15 September 2023

How to put wind in the sails of the UK’s renewables rollout

By Virginia Crosbie MP

No new offshore windfarms were secured at the government’s latest auction for new renewable energy contracts – a fact that is undoubtedly disappointing. But renewables remain the cheapest way of generating electricity in the UK, reducing household energy bills and cutting emissions. More than this though, they enhance our energy security, helping us to harness homegrown power from the wind, sun, and tides. Ministers should respond with a clear plan to get the renewables rollout back on track. Nowhere is this more true than on our windy, and sometimes sunny, Ynys Môn shores.

The Conservatives have a strong record on renewables. Since 2010, renewables have gone from producing less than 10% of our power, to now regularly producing over 50%.  At the same time, prices for offshore wind have fallen by over 65%, from £139/MWh in 2013 down to £61/MWh. And since 1990, our emissions have reduced by 48%, whilst our economy has grown faster than any other G7 country.

It’s therefore disheartening that this year’s clean power auction hasn’t unlocked our maximum renewable energy potential. In particular, a lack of successful offshore wind projects highlights the need for reform to the way clean energy contracts (CfDs) are awarded.

As gas prices have risen, countries have raced to develop more renewables, catching up with the UK as a world leader. Supply chains and commodities have not kept up with this increased demand, pushing up manufacturing costs by up to 38%. Coupled with high interest rates, this has increased the costs of developing renewables in the UK.

Unfortunately, the maximum price that the government allowed developers to bid at didn’t take these increased costs into account, leaving developers unable to match the prices and therefore unable to bid in the auction.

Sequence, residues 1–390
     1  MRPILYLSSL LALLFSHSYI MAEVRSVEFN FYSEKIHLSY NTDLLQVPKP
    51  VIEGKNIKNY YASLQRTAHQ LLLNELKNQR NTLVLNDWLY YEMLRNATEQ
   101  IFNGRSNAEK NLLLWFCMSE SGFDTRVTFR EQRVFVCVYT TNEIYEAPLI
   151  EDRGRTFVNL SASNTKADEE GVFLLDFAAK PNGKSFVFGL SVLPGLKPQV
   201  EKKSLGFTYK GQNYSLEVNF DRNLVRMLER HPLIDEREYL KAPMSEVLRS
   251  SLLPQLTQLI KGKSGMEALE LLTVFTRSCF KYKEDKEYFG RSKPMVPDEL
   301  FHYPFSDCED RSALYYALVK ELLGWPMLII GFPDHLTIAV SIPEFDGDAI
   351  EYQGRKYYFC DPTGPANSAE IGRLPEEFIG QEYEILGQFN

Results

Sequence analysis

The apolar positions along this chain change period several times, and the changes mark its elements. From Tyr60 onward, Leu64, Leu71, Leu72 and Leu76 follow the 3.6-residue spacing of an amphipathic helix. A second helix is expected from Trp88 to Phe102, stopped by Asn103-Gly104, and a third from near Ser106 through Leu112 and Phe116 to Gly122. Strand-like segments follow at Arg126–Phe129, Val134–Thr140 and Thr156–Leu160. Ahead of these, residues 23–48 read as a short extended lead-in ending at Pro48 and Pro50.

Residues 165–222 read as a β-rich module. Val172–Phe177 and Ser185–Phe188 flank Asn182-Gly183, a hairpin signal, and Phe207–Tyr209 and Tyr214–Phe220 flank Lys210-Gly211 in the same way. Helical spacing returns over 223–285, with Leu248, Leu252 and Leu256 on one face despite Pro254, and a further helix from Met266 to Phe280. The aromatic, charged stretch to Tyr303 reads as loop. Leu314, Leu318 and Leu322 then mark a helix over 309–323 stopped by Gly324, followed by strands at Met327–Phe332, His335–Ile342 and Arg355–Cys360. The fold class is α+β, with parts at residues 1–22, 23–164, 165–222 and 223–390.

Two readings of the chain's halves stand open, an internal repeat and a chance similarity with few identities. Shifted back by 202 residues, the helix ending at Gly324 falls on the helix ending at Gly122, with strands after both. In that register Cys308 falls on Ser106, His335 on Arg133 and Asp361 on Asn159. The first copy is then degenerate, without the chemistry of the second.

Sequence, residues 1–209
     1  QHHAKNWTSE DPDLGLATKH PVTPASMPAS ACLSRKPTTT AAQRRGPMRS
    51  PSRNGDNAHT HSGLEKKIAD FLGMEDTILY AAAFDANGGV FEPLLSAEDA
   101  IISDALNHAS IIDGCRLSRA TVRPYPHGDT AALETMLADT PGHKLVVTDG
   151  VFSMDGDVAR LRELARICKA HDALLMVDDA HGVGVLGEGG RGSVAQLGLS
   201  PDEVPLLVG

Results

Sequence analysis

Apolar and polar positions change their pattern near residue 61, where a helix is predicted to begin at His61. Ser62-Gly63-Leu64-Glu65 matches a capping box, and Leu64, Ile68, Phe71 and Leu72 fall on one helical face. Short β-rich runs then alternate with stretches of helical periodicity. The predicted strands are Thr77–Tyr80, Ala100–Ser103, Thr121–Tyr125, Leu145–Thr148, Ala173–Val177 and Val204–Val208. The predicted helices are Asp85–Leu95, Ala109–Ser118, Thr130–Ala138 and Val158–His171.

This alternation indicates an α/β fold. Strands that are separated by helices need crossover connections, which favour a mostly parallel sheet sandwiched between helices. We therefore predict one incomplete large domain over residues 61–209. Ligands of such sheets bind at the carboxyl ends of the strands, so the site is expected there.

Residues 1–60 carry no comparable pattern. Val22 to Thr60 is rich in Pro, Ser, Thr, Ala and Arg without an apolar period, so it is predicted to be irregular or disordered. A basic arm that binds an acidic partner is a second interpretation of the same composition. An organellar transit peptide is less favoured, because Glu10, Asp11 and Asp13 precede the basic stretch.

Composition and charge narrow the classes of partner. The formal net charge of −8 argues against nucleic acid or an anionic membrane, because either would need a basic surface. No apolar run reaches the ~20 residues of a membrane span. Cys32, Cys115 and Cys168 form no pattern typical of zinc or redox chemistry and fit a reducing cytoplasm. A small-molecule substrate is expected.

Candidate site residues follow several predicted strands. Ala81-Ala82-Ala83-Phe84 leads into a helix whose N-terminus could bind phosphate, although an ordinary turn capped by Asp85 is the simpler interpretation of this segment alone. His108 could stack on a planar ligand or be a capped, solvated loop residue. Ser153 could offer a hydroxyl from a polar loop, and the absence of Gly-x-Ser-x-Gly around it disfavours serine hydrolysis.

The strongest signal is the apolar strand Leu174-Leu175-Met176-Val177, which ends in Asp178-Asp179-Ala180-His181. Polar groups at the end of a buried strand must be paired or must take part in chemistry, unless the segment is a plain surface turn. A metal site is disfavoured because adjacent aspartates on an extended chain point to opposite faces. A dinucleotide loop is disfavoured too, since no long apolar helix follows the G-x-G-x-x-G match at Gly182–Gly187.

On the positive side, CfD auctions now take place every year. Swift government action to improve the process can therefore have immediate impact, unlocking the full renewable potential in the next auction round.

Firstly, the prices companies are able to charge for the energy they produce must be sustainable, taking into account the need for UK jobs and reflective of global supply chain pressures. CfDs are intended to support the development of renewables, but unsustainably low ‘strike prices’ undermine the very nature of this.

The government is consulting on giving extra weight to bids that promise to buy from British firms and create local jobs. Not only would this boost the economy, but also create up to 150,000 jobs in renewable energy. Hundreds of these jobs could be on Anglesey, the Energy Island, on the proposed wind farms and tidal stream projects around our coastline. Supporting British supply chains should be an important factor in awarding contracts, however unless the increased costs of this are reflected in the cap on strike prices, more projects will be pushed out of bidding.

Secondly, given the higher costs of developing offshore wind, projects should not be competing against cheaper-to-build onshore wind, as was the case in this auction. Given this year they were competing in the same pot of money, it is unsurprising that offshore wind projects were unsuccessful as they simply couldn’t match the lower cost of solar or onshore wind.

Britain currently has the world’s four largest offshore wind farms. Separating the funding pots will mean more offshore wind can be developed and will drive down electricity prices.

Finally, government should give a permanent tax break to renewables developers, through making full capital expensing permanent. At present, the scheme is due to expire in 2026, however to compete with the US Inflation Reduction Act and EU Green Deal Industrial Plan, which offer incentives over a ten year period, full expensing should be made permanent.

This tax break allows businesses to deduct the cost of eligible investments from their corporation tax bills straight away, supporting capital-intensive renewable developments and boosting supply chains.

By not maximising our renewable energy potential, we remain exposed to international gas price shocks for more time. Given gas is significantly more expensive than renewables, this means higher bills for longer. And since we import nearly half of our gas from abroad, it also means greater import dependency.

Despite a reduced number of successful projects this year, we should always welcome the development of more renewables. To ensure we reach net zero, lower energy bills, and support British supply chains, immediate action is needed to reform CfDs.

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Virginia Crosbie is MP for Ynys Môn.

Columns are the author's own opinion and do not necessarily reflect the views of CapX.